Concordant with early YAP activation in liver cancer development, the etiology of liver tumorigenesis is connected with a multitude of Hippo-affecting cues. Established risk factors are hepatitis B virus (HBV)/hepatitis C virus (HCV) chronic infection, alcoholic/nonalcoholic steatohepatitis (ASH/NASH) and nonalcoholic fatty liver disease (NAFLD), metabolic (diabetes and obesity) and lifestyle (smoking) factors [53]. These conditions all result in chronic liver disease, usually accompanied by liver fibrosis and cirrhosis, which has been estimated to contribute to approximately 90% of all HCC cases [54]. Evidence of dysfunctional Hippo signaling linking precancerous chronic disease to cancer is discussed below and summarized in Fig. 2.

Fig. 2
figure 2

Hippo pathway dysregulation from liver precursor lesions to malignancy. Mechanisms contributing to YAP/TAZ aberrant activation in hepatic precancerous lesions (HBV infection, NAFLD/NASH/ASH and liver fibrosis). ANKRD11: cardiac ankyrin repeat protein; ASH: alcoholic steatohepatitis; BMI1: B lymphoma Mo-MLV insertion region 1 homolog; CREBP: cAMP response element-binding protein; CXCL1: CXC motif chemokine ligand 1; CYR61: cysteine-rich angiogenic inducer 61; FKBP5: FK506-binding protein 51;HBsAg: HBV surface antigen; HBV: hepatitis B virus; HBx: hepatitis B virus X protein; HCC: hepatocellular carcinoma; IHH: Indian hedgehog; JCAD: junctional cadherin 5 associated; LATS1: large tumor suppressor 1; MST1/2: serine/threonine kinases sterile 20-like kinase 1 and 2; NAFLD: nonalcoholic fatty liver disease; NASH: nonalcoholic steatohepatitis; NOTCH: neurogenic locus notch homolog protein; TAZ: Transcriptional co-activator with PDZ-binding domainTEAD: TEA domain-containing sequence-specific transcription factors; TGF-β: transforming growth factor beta; YAP: Yes-associated protein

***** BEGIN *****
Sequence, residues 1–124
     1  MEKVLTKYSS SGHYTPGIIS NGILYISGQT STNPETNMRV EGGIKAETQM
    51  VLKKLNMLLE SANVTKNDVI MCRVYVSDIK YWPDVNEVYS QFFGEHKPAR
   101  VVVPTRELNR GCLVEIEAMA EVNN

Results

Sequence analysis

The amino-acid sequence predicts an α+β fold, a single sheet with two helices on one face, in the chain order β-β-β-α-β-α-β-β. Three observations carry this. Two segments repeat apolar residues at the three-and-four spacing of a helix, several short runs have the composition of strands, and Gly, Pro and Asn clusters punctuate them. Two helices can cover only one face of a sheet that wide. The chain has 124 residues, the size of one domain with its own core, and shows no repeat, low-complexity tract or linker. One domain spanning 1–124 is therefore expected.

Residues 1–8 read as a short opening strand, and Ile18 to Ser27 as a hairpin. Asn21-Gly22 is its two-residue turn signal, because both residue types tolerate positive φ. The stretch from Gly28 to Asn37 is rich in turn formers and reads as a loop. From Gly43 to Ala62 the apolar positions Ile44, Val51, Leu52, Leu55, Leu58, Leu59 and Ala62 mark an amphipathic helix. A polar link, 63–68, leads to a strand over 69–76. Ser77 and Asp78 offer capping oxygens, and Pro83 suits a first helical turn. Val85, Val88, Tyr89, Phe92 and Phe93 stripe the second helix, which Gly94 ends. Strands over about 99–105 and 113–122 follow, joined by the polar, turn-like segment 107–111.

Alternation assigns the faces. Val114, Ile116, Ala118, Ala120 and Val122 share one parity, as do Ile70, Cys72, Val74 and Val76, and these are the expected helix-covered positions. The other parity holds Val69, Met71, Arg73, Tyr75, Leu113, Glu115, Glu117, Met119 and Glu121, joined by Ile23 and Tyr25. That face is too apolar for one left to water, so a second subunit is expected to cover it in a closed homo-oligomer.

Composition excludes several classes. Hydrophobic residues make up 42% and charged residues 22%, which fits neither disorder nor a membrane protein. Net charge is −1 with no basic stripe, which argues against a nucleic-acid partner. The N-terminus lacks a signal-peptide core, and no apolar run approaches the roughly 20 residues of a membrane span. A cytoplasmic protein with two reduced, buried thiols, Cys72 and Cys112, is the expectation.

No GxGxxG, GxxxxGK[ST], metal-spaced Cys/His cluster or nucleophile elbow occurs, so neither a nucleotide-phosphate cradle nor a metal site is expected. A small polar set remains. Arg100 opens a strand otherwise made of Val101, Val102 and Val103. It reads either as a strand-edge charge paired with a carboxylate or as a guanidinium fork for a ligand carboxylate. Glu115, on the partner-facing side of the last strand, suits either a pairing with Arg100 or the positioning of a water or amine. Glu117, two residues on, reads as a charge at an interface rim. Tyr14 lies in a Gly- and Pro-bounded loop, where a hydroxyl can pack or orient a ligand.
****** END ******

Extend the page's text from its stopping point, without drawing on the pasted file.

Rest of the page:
Hippo pathway and HCV/HBV infection

Among risk factors associated with HCC development, hepatitis virus infections play a major role, with HBV and HCV detected in 80% of patients [55]. However, the risk linked to HBV/HCV infection has decreased over the last two decades due to neonatal HBV vaccination and availability of effective antiviral drugs [56, 57].